another 263 B. oleracea and Spinacia oleracea samples were collected from farms in the PU
regions of Nairobi during this project. Samples were identified and stored at HRI, UK and at
CABI/KARI, Kenya.



Characterisation of samples
After samples were collected they were characterised and stored for use later in the project.
Each sample was divided into two, one part was kept at CABI/KARI, Kenya and the other
was kept at HRI, UK.


At KARI/CABI the sample was further divided. One part was stored at –20°C, another
ground and mechanically inoculated (Appendix 2) to susceptible plants and the other part
ground for TuMV and CaMV ELISA tests (Appendix 2).



                                             7
At HRI the sample was divided, one part was ground in inoculation buffer and stored in
liquid nitrogen. The other part was mechanically inoculated (Appendix 2) to a universally
susceptible host, Brassica juncea cv. Tendergreen (TGM). Symptoms were observed and
recorded for three weeks. After three weeks, each sample was tested for the presence of
TuMV and CaMV using ELISA (Appendix 2). Some samples were tested by electron
microscopy (EM) to confirm ELISA test results. If the symptoms seen in TGM were good,
an infected leaf was ground and diluted in inoculation buffer and stored in liquid nitrogen
because success of revival from liquid nitrogen was previously found to be more successful
from TGM than from field samples (S. Muthumeenakshi, personal communication).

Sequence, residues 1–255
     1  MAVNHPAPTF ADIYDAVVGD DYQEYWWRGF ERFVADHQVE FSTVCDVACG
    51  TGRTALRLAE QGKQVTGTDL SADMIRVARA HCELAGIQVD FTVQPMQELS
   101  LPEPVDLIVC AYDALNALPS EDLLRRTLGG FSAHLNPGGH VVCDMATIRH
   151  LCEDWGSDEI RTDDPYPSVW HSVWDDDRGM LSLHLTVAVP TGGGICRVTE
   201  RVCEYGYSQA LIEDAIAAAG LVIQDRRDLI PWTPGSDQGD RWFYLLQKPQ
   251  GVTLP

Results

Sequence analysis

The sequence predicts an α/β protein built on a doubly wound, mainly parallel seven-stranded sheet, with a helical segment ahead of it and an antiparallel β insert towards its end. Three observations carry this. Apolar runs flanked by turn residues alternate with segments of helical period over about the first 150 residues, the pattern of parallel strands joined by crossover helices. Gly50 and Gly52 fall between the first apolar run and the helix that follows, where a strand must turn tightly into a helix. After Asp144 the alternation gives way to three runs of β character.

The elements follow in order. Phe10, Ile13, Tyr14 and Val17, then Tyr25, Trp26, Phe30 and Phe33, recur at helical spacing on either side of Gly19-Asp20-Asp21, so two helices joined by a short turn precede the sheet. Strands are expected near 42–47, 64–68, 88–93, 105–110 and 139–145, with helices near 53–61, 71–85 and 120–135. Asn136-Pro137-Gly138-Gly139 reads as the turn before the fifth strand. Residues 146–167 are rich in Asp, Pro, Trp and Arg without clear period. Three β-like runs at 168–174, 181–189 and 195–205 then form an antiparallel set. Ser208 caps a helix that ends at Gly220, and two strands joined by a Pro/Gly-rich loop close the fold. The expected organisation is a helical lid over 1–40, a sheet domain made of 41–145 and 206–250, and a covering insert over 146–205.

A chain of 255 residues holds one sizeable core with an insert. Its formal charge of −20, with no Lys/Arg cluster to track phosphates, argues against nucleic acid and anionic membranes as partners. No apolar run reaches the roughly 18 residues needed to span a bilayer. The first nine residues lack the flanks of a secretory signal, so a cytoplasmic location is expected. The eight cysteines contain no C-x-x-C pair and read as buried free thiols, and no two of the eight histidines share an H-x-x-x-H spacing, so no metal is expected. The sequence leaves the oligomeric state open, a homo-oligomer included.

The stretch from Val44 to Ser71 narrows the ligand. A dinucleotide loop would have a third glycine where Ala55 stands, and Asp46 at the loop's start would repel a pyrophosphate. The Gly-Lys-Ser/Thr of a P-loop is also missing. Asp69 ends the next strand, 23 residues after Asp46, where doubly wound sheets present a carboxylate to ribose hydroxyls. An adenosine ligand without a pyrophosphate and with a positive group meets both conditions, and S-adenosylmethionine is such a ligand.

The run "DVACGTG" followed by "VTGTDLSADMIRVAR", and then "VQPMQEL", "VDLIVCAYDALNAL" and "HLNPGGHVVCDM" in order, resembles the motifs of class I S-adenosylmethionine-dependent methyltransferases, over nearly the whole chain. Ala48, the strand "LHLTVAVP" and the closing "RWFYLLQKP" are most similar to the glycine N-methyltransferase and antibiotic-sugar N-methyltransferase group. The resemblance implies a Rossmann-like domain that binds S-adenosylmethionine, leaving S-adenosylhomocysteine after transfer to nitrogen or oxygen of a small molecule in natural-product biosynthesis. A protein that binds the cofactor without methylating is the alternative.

BtMV was previously isolated from swiss chard in Kenya. Swiss chard samples collected
during the project were mechanically inoculated (Appendix 2) to Spinacia oleracea. Once
symptoms developed, infected leaves were ground in inoculation buffer and the samples were
stored in liquid nitrogen.    For identification purposes the samples were mechanically
inoculated to a range of indicator plants (Nicotiana tabacum, N. benthamiana, N. glutinosa,
Chenopodium quinoa, TGM). Once symptoms appeared, the samples were tested for the
presence of a potyvirus using ELISA (Appendix 2) and the potyvirus identified using PCR
(Appendix 2). Samples were sent to Dr Willi Metzger, SequiServe for sequencing. BLAST
through the NCBI database and DNAStar were used to compare the sample sequence with
other known sequences.


Research Activity 1.3 Screenhouse experiment to determine the effect of virus on yield
in cabbage crops
Screenhouses were purpose built for research activities 1.3, 1.4 and 1.5 (Fig 1.3.1).


Cabbage cultivar Gloria was chosen for this experiment in October 2000 because it was
identified as the most commonly grown cabbage cultivar (Oruko & Ndun’gu, 1999).
There were four treatments: TuMV only, CaMV only, TuMV & CaMV combined and